May 10, 2007

John Prescott's role


Iain Dale has launched a scathing attack on the deputy Prime Minister on his blog today. Iain I think completely misses the role that Prescott has played in the last ten years of Labour government and ever since 1994- Prescott has never really led the policy debate within the Labour party, having said that one never knows what has gone on behind the scenes in meetings that we are unaware of, but he has kept this government going. Prescott's role has been to dominate the party executive, the NEC, to play the game of conciliating the Labour party. He was central to the successful attempt by John Smith to get the party to accept one member one vote in 1993 and was crucial to the party's acceptance of Tony Blair himself as leader. He could always be relied to stoke the fires of class war and rouse the Labour base. He compared himself at one point as holding the brakes on Blair's train driver- an interesting image whcih reflects both the man's vulnerability but also his importance to the project. Prescott at the conference and less noticed by no less crucially at the NEC was a figure that pulled the party along with the New Labour project.

No less importantly Prescott provided much of the personal ballast within the government. As a senior figure, without aspirations to run the country, he was able to perform the role of an honest broker. Just as an example, as the Prime Minister and Chancellor entered one of their periods of mutual sniping in November 2003, it was the Deputy Prime Minister who summoned them together and made a deal between the two of them. As the years have gone by, Prescott's neutrality between the two has meant that he has been able to face down both of them and make them get on. Functioning as the ballast of the government his role has not been so much to govern as to enable other people to govern- in particular to enable the two dominant personalities within the government to continue functioning together.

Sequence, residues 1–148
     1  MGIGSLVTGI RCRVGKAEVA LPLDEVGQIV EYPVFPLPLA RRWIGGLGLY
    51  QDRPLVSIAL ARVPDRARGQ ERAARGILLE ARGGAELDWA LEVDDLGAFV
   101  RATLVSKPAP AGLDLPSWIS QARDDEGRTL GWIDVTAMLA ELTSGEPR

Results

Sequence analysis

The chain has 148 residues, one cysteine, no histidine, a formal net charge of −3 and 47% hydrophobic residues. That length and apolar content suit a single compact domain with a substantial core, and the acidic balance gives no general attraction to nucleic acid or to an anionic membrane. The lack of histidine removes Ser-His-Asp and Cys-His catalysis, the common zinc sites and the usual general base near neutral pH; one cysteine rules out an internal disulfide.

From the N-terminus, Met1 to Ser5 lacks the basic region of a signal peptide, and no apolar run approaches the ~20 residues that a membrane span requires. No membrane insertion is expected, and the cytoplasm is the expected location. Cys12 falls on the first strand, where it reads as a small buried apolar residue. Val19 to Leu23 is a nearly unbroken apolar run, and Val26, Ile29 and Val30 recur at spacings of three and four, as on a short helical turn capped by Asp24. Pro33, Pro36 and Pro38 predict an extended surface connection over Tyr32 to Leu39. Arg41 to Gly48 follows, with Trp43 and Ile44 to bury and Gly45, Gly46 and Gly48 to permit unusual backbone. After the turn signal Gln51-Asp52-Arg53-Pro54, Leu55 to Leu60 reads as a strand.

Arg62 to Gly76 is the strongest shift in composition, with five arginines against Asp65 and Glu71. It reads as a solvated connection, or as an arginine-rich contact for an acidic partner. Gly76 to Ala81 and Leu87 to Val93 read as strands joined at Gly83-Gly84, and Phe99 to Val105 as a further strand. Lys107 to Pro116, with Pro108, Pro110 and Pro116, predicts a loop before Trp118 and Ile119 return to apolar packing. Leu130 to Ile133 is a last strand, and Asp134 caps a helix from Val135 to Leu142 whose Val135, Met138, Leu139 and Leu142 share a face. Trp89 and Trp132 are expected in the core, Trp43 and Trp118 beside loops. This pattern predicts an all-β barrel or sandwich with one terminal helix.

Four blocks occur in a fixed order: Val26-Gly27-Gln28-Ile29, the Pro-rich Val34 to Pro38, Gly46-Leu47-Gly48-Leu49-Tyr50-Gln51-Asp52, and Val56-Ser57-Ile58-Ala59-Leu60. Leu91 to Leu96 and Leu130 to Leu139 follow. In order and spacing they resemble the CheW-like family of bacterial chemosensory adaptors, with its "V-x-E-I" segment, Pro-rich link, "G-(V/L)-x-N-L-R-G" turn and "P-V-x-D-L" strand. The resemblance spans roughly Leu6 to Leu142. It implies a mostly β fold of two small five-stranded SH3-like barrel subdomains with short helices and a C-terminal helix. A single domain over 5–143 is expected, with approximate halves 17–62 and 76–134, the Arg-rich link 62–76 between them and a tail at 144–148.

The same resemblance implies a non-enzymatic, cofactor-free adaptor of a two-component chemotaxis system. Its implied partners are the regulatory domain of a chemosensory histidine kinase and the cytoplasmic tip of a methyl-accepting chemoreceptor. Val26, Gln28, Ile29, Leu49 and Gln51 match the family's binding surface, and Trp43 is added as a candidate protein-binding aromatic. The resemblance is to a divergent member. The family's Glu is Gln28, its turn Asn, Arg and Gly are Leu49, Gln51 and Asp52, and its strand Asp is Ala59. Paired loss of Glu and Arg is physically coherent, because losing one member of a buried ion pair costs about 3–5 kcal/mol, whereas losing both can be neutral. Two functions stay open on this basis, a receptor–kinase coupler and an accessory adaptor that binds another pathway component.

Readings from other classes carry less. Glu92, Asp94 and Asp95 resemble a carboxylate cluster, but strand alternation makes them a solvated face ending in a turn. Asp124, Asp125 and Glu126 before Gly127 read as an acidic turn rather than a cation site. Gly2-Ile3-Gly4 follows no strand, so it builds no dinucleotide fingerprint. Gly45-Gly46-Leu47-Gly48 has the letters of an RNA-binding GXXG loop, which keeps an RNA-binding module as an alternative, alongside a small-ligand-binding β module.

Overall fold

One recalls, in a comparison Mr Prescott would hate, some words from the Guardian obituary of Willie Whitelaw which sum up Prescott's impact upon the government rather well: he was the

crucial prop and lubricant of a government which transformed both the nation and the... party in ways which he was later to find thoroughly distasteful.

Prescott's role as the lubricant to this government was different from Whitelaw's role in Thatcher's government but no less important to its survival. Indeed one wonders whether Prescott's missed opportunity was in not realising that he could have forced Blair to cede more authority to him- whether the fact he was an outsider meant that the Deputy Prime Minister always shrank to the role of a mediator without realising the true power that he wielded. Having said that, I disagree fundamentally with Iain- the government's acheivements have all been achieved because of the presence of the member from Hull, he may have been absurd, comical and have a love life from a Carry-On Film but his abilities to appeal to the hearts of the Labour movement and understand its procedures (which bored Blair) not to mention his ability to keep the Blair Brown partnership going can't be underrated. In the end this government would not have been as happy or lasted as long without Prescott and that is his achievement.

5 comments:

Vino S said...

I think Prescott has been useful as a Blair/Brown mediator.

Also, as you mention, he has a good relationship with the party 'base'. He is naturally 'of Labour' in a way that Tony Blair isn't.

Rob said...

"Ballast." Just couldn't resist a pop at the poor guy's weight, could you?!

james higham said...

Fair enough, Tiberius [he mutters into his beard].

Gracchi said...

Vino yes, James I thank you for your sage if reluctant assent.

Rob of course- I had to get at him in some way- he is a government minister afterall- that's his function in our society to be the subject of well paid ridicule like all other ministers irrespective of party!

Richard Havers said...

I've always disliked JP, he's not my type at all. But, I grant you he's been far more important to what has happened to the Labour Party over the last fifteen or twenty years than he's had credit for.